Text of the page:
The second and the more fundamental cause was based on the Tax regime and the Virtual Economy of Russia. The Russian tax regime as pointed out by many western creditors, was highly inefficient. It consisted of 200 different types of taxes at various levels of government making administration of the regime unduly burdensome. In addition to this the government granted tax exemption to favoured sectors and enterprises reducing their potential revenue. Other structural problems included the administrative relationship between the federal government in Moscow and the regional and local governments. 

Role of IMF

In the 1990s, Russia was one of the biggest borrowers from IMF, having borrowed approximately $20 billion to deal with the 1998 crisis. The IMF approved a loan of $11.2 billion to deal with the immediate effects of the crisis.  The conditions for Russia were framed so to promote a stable macroeconomic environment through low inflation and stable exchange rates of the Ruble, lowering of fiscal deficit, encouragement of savings and effective channelization of the same, regulation of the banking sector (specifically improving bankruptcy procedures, and liberalisation of the markets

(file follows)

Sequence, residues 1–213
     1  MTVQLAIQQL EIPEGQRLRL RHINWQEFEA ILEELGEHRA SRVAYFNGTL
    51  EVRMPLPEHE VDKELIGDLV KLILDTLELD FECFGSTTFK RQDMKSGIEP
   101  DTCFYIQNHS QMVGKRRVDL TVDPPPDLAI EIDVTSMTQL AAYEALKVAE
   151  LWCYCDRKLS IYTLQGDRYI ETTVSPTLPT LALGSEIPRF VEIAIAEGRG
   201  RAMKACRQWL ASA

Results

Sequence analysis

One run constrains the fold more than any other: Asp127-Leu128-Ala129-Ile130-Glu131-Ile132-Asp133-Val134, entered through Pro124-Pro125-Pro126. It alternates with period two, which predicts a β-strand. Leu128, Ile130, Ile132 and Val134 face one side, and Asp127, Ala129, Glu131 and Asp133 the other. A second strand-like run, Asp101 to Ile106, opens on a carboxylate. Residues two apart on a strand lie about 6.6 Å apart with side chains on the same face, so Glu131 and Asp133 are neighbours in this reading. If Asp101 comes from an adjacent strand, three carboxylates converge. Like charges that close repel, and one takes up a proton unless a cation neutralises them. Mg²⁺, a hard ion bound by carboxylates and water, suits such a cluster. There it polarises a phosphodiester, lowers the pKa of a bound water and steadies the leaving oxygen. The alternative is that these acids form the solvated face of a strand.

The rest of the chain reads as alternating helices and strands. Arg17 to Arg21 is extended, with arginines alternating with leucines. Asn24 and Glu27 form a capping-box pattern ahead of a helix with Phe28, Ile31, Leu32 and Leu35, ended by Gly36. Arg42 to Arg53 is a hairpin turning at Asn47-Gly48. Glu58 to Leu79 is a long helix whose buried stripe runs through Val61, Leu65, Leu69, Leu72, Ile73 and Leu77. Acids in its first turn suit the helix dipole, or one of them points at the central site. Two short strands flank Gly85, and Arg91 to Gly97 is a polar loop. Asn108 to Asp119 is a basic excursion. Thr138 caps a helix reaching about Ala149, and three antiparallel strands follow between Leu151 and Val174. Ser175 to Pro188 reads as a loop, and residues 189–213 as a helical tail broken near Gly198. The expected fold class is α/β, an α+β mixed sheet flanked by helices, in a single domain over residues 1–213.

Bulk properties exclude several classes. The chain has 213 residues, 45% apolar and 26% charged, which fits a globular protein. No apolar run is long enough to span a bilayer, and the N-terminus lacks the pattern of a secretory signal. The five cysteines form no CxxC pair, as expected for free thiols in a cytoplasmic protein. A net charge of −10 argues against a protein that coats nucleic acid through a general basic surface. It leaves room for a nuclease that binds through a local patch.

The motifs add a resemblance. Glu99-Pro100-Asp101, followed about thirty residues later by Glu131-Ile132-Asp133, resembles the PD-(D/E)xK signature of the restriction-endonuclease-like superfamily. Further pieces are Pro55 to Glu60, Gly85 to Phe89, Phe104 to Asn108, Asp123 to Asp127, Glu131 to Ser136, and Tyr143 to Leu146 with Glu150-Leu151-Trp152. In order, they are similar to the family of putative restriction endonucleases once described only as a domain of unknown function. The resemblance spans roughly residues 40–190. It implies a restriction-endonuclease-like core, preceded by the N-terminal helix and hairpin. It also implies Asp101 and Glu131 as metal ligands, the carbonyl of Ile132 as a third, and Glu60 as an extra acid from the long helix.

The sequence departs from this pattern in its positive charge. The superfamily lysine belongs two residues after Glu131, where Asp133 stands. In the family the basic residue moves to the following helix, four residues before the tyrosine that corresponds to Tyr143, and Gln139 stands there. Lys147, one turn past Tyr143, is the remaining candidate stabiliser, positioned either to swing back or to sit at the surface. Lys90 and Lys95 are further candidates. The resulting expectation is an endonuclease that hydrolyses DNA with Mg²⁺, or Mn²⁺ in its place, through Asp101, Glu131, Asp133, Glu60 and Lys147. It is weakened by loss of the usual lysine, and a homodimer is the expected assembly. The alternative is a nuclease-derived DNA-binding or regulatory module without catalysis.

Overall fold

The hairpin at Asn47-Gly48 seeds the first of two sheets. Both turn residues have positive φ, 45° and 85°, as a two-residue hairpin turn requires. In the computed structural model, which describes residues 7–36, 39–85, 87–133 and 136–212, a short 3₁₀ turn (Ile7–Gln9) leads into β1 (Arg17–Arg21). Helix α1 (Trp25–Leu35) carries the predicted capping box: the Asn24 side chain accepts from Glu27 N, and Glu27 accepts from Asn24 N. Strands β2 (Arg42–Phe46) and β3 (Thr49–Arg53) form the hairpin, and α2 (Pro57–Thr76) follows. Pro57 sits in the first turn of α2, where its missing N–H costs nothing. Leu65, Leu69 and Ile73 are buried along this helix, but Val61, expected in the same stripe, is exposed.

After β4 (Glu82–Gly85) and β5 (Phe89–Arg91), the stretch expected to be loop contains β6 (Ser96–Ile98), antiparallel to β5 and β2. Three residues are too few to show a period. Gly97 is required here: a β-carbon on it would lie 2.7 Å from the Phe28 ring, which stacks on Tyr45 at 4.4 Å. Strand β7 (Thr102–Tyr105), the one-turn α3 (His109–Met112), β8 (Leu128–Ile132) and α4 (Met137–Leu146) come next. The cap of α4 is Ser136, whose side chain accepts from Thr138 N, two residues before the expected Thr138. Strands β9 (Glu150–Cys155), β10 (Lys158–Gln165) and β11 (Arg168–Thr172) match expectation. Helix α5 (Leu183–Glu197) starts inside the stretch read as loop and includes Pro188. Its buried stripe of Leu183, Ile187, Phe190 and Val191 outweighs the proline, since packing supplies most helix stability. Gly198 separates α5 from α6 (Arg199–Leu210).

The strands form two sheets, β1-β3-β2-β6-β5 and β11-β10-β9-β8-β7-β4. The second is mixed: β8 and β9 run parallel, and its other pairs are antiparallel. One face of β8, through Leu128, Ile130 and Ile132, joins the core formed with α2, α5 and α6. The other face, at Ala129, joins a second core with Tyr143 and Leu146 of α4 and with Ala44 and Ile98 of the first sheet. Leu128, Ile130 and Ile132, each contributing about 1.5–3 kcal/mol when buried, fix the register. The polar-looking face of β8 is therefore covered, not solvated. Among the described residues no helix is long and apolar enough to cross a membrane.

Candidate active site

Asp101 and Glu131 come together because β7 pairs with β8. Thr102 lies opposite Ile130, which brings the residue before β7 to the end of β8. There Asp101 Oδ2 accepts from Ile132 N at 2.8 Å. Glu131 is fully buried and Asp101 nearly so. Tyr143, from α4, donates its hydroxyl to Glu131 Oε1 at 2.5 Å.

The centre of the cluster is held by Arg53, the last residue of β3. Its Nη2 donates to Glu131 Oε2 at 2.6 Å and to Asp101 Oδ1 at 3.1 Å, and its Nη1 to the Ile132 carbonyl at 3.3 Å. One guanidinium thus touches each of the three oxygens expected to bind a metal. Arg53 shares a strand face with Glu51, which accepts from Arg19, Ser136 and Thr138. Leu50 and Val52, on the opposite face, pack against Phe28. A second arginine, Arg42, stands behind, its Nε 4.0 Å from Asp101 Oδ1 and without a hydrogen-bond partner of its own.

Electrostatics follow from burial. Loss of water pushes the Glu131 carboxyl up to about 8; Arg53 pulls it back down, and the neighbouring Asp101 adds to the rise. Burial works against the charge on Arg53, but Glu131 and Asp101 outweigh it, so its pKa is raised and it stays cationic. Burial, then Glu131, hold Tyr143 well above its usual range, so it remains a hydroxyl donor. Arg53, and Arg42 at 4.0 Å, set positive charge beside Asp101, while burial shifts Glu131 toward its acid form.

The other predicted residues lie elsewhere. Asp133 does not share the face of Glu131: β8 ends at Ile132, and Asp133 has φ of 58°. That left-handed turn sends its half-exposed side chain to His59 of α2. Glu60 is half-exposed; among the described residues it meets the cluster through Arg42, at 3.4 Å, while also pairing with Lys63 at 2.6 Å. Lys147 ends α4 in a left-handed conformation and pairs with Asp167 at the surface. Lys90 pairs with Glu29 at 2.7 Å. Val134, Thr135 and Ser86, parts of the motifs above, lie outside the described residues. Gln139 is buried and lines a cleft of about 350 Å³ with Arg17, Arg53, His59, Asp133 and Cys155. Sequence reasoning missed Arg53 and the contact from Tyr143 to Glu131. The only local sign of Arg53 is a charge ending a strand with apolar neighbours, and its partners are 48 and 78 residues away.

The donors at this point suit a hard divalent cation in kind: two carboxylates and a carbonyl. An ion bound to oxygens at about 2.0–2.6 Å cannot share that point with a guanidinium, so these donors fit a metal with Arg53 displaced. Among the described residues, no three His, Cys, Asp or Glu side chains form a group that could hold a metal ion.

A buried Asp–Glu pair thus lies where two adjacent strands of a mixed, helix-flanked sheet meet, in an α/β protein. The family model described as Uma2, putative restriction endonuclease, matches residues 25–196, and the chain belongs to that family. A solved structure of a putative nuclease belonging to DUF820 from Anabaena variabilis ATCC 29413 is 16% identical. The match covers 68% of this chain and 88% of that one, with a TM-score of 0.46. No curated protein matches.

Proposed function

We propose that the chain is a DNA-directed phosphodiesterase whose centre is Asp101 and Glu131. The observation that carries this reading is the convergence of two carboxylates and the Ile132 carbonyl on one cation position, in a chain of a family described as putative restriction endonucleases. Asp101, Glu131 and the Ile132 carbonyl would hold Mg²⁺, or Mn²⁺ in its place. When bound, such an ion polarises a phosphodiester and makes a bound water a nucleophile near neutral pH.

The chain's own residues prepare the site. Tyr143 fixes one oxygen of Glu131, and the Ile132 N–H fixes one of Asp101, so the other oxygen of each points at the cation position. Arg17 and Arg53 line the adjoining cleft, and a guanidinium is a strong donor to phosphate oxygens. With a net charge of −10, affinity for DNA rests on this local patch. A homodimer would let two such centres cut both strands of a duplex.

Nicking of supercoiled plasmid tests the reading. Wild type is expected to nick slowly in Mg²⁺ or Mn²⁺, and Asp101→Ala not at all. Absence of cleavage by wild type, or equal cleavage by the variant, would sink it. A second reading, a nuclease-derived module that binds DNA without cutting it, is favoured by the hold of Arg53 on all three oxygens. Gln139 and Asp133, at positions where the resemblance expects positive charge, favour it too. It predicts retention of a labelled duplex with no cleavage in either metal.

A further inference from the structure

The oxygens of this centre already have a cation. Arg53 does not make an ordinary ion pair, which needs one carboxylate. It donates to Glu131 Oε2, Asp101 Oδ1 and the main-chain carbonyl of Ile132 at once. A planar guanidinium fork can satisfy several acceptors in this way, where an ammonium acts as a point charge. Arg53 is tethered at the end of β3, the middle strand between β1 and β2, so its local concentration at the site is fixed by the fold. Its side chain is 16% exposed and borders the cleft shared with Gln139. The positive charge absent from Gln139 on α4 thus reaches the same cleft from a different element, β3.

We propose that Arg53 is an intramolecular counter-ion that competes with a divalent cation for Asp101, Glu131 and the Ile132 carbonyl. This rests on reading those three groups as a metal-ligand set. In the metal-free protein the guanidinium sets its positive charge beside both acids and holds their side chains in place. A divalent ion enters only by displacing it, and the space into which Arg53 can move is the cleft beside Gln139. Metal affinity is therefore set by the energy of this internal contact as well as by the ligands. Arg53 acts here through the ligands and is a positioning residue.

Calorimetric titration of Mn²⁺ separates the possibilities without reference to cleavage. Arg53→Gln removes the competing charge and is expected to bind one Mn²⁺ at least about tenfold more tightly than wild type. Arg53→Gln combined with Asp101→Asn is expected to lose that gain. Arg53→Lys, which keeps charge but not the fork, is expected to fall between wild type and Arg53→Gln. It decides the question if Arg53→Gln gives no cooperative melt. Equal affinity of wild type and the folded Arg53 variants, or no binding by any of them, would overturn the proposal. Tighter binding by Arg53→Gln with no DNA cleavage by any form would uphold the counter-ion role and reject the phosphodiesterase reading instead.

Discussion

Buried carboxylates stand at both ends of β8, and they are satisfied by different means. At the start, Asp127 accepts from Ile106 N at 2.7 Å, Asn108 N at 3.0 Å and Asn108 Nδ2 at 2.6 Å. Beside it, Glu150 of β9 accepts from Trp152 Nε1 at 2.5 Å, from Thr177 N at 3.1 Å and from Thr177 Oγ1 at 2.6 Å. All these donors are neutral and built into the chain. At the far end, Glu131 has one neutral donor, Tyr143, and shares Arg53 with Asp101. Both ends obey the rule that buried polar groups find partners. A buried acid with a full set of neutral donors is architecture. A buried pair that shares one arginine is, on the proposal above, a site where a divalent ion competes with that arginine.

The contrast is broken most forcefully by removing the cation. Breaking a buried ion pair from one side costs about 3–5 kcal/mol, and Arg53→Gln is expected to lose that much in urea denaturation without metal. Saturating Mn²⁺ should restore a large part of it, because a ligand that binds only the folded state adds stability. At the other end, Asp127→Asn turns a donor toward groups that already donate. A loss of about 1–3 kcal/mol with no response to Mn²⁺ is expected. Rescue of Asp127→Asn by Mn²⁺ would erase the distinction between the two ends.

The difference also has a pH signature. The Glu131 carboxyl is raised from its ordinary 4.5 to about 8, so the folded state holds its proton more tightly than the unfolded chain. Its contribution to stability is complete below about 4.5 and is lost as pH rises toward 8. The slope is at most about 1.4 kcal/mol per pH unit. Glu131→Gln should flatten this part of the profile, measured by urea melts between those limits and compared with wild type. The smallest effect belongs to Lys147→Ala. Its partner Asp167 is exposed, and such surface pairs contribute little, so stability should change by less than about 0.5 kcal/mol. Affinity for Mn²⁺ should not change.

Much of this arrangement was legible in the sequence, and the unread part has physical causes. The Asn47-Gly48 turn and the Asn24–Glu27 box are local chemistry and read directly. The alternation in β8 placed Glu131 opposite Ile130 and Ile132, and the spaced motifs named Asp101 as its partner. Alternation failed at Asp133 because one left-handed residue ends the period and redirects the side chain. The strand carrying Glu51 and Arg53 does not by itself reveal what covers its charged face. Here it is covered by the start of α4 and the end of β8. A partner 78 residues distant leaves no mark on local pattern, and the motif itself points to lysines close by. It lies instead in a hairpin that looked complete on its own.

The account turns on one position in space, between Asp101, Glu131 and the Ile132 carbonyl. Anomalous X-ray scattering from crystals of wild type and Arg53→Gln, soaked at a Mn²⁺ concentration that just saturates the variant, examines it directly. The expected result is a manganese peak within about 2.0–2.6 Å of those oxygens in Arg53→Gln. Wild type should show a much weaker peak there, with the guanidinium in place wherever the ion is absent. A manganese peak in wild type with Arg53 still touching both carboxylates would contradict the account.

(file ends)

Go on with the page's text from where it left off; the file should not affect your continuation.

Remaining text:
Geopolitical Implications

The perception of many is that the IMF served as a linkage of the West to Russia. Since the US does hold a vast share of the votes in IMF and by far the greatest influence of all members, it is said the US attempted to further the cause of capitalism in Russia after the dissolution of the USSR. This was especially seen as a threat in a time after the Cold War. Rather than direct intervention by the United States, intervention through IMF would be less controversial. The Russian public would also not perceive IMF intervention as a threat to their sovereignty. Other countries feared than unstable domestic conditions would lead to political instability and Russia, being a nuclear superpower, that would have been dangerous. Therefore, they supported the transition to a market economy. The downfall of the Russian economy shows how deeply integrated the world economy had become. Falling oil prices (Russia’s largest export by value was oil) and the East Asian financial crisis served as triggers for the sharp depreciation of the Russian Ruble.